Improving antisaccade performance in adolescents with attention-deficit/ hyperactivity disorder (ADHD)

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The goal of the study was to examine the effects of task manipulations on antisaccade accuracy and response times (RTs) of adolescents with attention-deficit/hyperactivity disorder (ADHD), age-matched controls, 10-year-olds and young adults. Order effects were tested by administering the task at the beginning and end of the session. Other manipulations involved a visual landmark to reduce demands on working memory and internal generation of saccades; spatially specific and non-specific cues at three intervals; and central engagement of attention through perceptual and cognitive means at three intervals. As expected, adolescents with ADHD were impaired relative to age-matched controls in terms of accuracy and saccadic RT on the first administration of the task. Although their accuracy improved with most of the manipulations, it did not improve disproportionately compared to age-matched controls. Nevertheless, with most of the manipulations, they could achieve the same level of accuracy as unaided controls on the first administration of the task. In contrast, the saccadic RTs of the ADHD group came close to normal under several conditions, indicating that elevated antisaccade RTs in this disorder may be related to attentional factors. The ADHD group made more premature saccades and fewer corrective saccades than both the age-matched and younger groups, suggesting difficulties with impulsivity and goal neglect. The findings suggest that cognitive scaffolds can ameliorate at least some of the inhibition deficits in adolescents with ADHD.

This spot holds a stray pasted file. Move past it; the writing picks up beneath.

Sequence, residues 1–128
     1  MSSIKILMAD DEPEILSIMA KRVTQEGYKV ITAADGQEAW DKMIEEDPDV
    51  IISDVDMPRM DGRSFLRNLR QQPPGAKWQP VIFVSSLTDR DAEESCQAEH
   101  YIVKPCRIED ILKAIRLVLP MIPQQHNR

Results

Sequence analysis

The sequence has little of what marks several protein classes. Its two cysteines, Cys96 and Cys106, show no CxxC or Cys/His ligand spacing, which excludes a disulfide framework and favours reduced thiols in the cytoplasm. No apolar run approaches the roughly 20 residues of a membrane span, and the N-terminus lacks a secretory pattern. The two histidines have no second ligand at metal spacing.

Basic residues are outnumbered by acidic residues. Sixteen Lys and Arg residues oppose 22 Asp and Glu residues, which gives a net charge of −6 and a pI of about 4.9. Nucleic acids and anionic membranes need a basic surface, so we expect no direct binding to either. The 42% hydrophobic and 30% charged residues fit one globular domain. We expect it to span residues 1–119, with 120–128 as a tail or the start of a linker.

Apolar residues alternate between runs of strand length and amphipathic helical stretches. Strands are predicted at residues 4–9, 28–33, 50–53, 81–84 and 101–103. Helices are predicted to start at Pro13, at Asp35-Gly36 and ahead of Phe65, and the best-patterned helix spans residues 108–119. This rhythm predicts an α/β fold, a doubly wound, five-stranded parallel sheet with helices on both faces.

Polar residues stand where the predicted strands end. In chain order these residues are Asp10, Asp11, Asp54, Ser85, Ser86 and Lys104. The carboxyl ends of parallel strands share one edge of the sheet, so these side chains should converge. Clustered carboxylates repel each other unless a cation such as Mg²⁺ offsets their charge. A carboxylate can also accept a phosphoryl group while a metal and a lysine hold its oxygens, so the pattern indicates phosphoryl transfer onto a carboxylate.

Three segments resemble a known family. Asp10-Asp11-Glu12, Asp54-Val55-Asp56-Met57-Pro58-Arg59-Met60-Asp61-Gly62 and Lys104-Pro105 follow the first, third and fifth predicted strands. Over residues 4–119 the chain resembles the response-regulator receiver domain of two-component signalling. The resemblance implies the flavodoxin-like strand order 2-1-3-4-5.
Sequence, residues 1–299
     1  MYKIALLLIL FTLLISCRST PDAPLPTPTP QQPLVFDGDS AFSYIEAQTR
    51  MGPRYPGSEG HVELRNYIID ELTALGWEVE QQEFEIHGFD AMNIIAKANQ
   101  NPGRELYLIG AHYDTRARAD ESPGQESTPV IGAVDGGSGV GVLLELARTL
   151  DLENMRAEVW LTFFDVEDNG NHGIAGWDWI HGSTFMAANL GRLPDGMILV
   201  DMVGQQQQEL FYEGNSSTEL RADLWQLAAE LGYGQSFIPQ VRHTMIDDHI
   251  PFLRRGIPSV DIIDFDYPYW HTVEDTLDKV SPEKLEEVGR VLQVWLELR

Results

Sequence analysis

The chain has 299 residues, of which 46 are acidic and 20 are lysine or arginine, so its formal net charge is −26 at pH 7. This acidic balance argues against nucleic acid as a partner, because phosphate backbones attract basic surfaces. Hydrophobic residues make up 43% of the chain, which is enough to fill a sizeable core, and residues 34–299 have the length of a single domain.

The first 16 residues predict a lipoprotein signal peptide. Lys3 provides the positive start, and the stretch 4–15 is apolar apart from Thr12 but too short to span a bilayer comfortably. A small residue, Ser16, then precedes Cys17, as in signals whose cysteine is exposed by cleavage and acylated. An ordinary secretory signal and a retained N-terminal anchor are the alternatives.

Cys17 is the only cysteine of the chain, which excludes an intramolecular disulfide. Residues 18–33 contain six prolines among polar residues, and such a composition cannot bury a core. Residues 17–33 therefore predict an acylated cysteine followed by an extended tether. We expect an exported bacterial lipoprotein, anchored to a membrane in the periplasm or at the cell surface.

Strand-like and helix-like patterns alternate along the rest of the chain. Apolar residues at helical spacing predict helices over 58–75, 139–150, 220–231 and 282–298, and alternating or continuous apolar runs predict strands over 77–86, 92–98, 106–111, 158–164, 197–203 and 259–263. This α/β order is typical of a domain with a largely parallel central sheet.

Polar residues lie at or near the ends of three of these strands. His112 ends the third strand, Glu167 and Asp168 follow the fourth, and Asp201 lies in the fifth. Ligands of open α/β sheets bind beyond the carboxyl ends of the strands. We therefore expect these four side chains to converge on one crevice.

Original languageEnglish (US)
Pages (from-to)324-341
Number of pages18
JournalExperimental Brain Research
Issue number2
StatePublished - Sep 2006

Bibliographical note

Funding Information:
Acknowledgments Anita Fuglestad and Clay Collins helped with task design and testing. Cacy Miranda, M.A., Bonnie Houg, M.A., and Kathryn McGraw-Schuchman, M.A., L.P., helped with diagnostic assessments. I would like to thank the two anonymous reviewers for their many valuable suggestions, and Tonya White, M.D., and Dante Cicchetti, Ph.D. for their comments on the manuscript. Funding for the study was provided by a McKnight Land-Grant Professorship from the University of Minnesota, and Young Investigator (Wodecroft Investigator) Award from NARSAD.


  • Antisaccades
  • Attention
  • Attention-deficit/hyperactivity disorder
  • Development
  • Inhibition


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